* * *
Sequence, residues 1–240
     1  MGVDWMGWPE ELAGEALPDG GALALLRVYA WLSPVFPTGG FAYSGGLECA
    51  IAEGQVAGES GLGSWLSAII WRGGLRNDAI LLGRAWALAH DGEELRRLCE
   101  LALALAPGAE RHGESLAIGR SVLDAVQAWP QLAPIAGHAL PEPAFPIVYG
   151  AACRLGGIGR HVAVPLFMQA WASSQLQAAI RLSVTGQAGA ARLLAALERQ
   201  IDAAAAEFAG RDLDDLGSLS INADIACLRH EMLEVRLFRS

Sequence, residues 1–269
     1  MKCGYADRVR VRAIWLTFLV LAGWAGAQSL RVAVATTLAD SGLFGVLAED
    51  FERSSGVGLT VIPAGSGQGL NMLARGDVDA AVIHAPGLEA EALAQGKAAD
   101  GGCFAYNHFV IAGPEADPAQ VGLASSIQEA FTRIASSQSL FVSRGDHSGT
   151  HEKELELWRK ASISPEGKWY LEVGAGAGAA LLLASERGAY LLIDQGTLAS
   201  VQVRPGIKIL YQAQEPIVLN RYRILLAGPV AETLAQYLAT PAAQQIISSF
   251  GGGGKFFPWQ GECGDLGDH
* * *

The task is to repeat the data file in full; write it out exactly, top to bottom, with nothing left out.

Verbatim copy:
Sequence, residues 1–240
     1  MGVDWMGWPE ELAGEALPDG GALALLRVYA WLSPVFPTGG FAYSGGLECA
    51  IAEGQVAGES GLGSWLSAII WRGGLRNDAI LLGRAWALAH DGEELRRLCE
   101  LALALAPGAE RHGESLAIGR SVLDAVQAWP QLAPIAGHAL PEPAFPIVYG
   151  AACRLGGIGR HVAVPLFMQA WASSQLQAAI RLSVTGQAGA ARLLAALERQ
   201  IDAAAAEFAG RDLDDLGSLS INADIACLRH EMLEVRLFRS

Sequence, residues 1–269
     1  MKCGYADRVR VRAIWLTFLV LAGWAGAQSL RVAVATTLAD SGLFGVLAED
    51  FERSSGVGLT VIPAGSGQGL NMLARGDVDA AVIHAPGLEA EALAQGKAAD
   101  GGCFAYNHFV IAGPEADPAQ VGLASSIQEA FTRIASSQSL FVSRGDHSGT
   151  HEKELELWRK ASISPEGKWY LEVGAGAGAA LLLASERGAY LLIDQGTLAS
   201  VQVRPGIKIL YQAQEPIVLN RYRILLAGPV AETLAQYLAT PAAQQIISSF
   251  GGGGKFFPWQ GECGDLGDH